Google will join automaker, Ford, in its initiative to turn an abandoned Detroit, Michigan train station into a research facility focused on EV and self-driving vehicles.
Google will provide cloud computing services and workforce training in local high schools and for local job-seekers to make the project benefit the community.
These education programmes will include a Code Next Lab, which will teach students computer science, as well as several partnerships with local nonprofits to offer its Google Career Certificate. The tech giant will open a lab on the 30-acre (12-hectare) site to carry this out.
The high-tech partnership underscores the auto industry’s investment in electric cars and connected, autonomous vehicles, a transition that could reach an inflection point this year.
Again, Detroit and the state of Michigan have agreed to provide infrastructure and other support for the Michigan Central Innovation District that will include the defunct train depot and other nearby buildings in the historic Corktown neighbourhood just outside downtown.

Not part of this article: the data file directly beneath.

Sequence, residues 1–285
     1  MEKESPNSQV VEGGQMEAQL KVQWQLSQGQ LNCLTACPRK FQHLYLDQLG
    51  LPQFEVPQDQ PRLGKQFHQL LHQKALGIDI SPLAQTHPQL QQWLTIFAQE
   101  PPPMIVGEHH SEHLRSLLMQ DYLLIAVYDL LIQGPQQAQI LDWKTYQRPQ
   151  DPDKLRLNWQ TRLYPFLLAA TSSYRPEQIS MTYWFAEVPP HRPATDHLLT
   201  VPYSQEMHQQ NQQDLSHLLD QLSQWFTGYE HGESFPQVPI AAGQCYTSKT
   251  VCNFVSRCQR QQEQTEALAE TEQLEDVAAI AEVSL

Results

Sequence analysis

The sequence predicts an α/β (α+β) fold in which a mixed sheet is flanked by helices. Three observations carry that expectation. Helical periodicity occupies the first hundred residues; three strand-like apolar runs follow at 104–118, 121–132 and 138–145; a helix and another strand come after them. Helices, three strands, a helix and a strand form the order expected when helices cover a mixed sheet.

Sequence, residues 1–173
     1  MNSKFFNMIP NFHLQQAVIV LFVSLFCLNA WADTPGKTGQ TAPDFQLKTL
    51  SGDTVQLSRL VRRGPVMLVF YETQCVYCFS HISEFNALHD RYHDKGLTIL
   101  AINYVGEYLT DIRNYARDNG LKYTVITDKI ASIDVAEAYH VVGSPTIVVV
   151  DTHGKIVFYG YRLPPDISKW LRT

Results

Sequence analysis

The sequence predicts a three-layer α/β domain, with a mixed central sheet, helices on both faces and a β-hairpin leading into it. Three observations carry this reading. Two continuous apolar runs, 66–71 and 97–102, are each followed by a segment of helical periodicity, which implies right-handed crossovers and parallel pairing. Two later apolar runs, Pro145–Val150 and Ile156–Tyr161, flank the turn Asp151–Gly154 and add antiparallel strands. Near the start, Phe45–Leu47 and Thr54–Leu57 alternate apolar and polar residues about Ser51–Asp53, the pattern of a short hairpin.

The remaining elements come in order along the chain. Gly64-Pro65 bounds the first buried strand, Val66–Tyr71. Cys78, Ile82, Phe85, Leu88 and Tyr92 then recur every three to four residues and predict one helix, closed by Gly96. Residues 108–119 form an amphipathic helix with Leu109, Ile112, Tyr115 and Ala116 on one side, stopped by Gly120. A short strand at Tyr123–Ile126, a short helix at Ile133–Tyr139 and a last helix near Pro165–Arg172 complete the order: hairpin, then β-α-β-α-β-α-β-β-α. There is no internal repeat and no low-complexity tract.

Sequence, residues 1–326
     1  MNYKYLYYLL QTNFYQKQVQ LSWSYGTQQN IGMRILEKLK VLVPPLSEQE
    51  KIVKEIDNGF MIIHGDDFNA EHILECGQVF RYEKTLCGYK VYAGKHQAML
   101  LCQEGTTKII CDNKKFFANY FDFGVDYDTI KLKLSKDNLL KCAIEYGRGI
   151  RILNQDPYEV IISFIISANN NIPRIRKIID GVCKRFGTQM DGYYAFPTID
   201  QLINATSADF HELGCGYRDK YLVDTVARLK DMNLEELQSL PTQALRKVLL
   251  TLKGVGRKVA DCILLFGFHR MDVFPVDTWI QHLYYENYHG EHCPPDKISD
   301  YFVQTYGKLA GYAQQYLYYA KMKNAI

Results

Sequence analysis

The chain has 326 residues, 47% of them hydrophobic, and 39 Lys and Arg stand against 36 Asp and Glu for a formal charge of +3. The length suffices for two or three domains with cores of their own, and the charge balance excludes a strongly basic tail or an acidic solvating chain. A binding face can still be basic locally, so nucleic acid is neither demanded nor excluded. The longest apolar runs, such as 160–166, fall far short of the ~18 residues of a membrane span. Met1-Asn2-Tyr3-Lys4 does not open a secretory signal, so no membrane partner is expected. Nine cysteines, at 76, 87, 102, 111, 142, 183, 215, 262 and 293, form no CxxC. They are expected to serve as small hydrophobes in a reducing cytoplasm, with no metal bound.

The state will provide over $126,000,000 worth of programming and resources, including infrastructure. Reports also state that Detroit Mayor Mike Duggan’s office is working to designate a Transportation Innovation Zone in the district, with the goal to make it easier for small businesses and entrepreneurs to safely start and test projects.
The station, which looms over Corktown, has stood empty since the last train left in 1988 and came to symbolize Detroit’s long decline from America’s manufacturing powerhouse to its biggest municipal bankruptcy.
Google and Ford’s effort to leverage the station is a great move in ensuring innovation in the mobility sector, ultimately reducing pollution, congestion and improving the global living standards. The fully electric and hybrid propulsion systems, more autonomous driving features and increased connectivity in vehicles are a drive to achieving resilience across the globe.